Qatari ambassador scandal: huge compensation for British after sex calls and "qat"
LONDON (Reuters) - A London court ordered the payment of about $ 500,000 in compensation to a former British employee who worked for the Doha embassy in London for "religious discrimination and sexual harassment".
Diane Kingson, 58, a Briton who grew up in Yemen, said in testimony to Labor Court judges in central London that former Qatari ambassador Fahd al-Mashiri had repeatedly asked her to have sex with him.
According to The Times, Kingson told the court in detail some of the conversations between them, such as saying that he had taken the virginity of a woman before, and asked her to chew the plant "khat" narcotic "in the hope of being sexually aroused."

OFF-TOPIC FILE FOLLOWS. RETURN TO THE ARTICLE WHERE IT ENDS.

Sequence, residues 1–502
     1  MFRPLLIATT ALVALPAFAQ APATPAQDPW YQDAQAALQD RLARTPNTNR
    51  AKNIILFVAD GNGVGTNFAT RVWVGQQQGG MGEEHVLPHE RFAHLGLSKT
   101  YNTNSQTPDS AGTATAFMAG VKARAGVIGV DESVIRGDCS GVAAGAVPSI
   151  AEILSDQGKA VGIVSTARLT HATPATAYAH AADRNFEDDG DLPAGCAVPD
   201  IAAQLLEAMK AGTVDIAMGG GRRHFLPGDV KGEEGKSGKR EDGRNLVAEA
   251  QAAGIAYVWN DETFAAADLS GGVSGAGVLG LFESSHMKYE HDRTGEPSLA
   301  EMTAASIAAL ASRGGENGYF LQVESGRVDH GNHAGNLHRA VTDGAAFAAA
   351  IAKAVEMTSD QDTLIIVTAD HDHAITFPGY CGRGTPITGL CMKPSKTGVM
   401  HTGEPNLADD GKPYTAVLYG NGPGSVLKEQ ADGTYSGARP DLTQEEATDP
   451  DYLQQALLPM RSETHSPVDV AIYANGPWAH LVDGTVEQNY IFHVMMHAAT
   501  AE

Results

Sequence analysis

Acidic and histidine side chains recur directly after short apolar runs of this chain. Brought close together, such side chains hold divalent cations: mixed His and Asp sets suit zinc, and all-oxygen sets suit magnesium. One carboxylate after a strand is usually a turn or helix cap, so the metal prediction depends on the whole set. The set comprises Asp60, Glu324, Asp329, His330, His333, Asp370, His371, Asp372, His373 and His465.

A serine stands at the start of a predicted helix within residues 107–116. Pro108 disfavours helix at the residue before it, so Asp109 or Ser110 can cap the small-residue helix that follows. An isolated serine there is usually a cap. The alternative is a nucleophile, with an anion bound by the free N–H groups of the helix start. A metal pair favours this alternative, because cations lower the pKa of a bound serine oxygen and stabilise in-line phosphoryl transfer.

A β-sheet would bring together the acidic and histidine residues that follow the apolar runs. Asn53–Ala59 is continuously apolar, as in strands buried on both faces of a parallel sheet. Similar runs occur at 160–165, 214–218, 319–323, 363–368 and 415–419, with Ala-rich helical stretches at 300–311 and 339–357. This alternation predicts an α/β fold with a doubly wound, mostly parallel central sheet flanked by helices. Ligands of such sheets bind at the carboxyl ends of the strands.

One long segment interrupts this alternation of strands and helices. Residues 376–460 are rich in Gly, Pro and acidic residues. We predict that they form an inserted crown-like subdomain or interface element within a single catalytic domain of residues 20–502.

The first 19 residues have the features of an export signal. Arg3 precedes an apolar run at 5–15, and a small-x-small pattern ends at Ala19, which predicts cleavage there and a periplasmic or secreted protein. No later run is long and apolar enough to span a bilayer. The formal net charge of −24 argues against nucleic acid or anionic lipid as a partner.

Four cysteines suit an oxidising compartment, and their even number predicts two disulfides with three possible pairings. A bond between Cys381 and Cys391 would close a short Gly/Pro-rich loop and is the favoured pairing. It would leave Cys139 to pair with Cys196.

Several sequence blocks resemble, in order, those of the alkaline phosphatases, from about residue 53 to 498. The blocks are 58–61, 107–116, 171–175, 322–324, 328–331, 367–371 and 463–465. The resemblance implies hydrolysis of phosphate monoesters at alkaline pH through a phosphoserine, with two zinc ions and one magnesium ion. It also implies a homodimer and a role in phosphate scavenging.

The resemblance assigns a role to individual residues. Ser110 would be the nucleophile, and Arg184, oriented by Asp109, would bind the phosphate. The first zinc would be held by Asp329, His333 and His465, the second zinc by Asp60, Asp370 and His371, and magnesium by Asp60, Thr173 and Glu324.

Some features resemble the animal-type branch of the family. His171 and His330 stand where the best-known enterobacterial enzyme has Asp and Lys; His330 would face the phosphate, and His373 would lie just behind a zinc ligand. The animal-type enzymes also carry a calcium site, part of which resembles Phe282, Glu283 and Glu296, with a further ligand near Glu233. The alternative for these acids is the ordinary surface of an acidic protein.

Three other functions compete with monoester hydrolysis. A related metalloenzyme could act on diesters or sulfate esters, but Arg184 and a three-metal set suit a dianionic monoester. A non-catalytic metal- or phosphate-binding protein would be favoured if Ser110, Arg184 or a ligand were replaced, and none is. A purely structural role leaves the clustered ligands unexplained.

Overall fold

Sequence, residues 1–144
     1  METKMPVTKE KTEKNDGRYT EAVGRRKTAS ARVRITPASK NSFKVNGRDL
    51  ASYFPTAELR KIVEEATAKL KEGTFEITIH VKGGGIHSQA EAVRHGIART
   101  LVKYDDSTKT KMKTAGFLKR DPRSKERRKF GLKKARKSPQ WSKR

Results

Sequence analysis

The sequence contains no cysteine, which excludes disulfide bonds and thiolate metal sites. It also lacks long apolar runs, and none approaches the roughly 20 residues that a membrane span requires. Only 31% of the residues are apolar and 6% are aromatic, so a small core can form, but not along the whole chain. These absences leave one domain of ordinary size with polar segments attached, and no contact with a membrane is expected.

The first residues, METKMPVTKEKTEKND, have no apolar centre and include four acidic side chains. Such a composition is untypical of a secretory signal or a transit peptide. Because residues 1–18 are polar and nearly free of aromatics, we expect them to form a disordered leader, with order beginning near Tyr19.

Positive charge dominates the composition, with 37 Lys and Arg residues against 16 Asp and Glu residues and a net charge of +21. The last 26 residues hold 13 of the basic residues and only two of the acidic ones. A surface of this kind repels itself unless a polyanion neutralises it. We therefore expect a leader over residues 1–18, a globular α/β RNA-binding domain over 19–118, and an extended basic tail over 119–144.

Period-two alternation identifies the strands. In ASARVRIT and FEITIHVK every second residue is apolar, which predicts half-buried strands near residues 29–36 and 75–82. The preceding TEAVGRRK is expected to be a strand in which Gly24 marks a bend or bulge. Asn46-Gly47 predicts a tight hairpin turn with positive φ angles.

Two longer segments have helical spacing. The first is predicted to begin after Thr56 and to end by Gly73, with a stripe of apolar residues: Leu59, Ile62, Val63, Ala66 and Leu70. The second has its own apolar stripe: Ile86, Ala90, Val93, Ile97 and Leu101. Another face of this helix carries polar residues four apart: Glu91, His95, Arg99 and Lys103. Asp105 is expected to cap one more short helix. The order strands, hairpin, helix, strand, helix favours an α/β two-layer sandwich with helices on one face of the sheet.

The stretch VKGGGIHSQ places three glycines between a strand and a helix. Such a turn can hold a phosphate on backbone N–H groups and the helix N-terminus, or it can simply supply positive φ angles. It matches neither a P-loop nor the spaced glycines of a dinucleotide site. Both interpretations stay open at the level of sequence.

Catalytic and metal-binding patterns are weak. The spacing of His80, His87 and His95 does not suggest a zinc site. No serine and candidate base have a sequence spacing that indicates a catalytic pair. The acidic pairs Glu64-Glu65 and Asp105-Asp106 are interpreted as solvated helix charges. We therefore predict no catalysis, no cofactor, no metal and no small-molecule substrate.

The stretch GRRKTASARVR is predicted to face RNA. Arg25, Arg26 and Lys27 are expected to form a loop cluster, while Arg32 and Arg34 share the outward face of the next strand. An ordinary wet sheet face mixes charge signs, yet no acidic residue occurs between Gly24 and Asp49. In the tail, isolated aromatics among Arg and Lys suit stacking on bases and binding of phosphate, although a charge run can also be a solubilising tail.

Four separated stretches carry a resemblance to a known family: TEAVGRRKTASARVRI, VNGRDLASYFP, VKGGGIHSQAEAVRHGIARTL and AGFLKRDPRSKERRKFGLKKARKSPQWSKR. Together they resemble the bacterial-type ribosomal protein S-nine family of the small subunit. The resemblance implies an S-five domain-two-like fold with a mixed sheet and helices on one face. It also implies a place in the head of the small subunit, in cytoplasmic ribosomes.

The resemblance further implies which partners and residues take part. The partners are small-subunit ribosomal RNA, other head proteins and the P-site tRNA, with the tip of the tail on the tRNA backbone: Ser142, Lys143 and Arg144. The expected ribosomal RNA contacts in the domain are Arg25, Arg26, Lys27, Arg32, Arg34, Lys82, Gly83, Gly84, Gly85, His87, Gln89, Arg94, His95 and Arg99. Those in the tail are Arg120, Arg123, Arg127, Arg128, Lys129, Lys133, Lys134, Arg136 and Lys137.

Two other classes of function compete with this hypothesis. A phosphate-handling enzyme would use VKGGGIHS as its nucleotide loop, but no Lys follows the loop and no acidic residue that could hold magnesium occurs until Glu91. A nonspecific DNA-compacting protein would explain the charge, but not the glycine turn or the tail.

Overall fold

She told the court that she had tried "politely" to understand that she was not interested in having sex with him. She said she was asked to intercede to marry her daughter.
Kingson also told the court that another senior diplomat was pressuring her to hold sex parties, and had previously been asked to travel with him on vacation to Cuba.
She seemed to be believed to be a "party girl" because she did not look like the stereotypical appearance of Muslim women.
Court judges concluded that embassy staff believed they were willing to engage in sexual activities with male staff because they were "non-Muslim."
The court said she was on the verge of suicide and suffered severe psychological problems because of her sexual humiliation.
The Times said that Kingson, a graduate of the University of Aden and speaks fluent Arabic, used to work for the Yemeni embassy in London before moving to the Qatari embassy in 2006, to work as a secretary and was expelled in 2014 on the back of this case.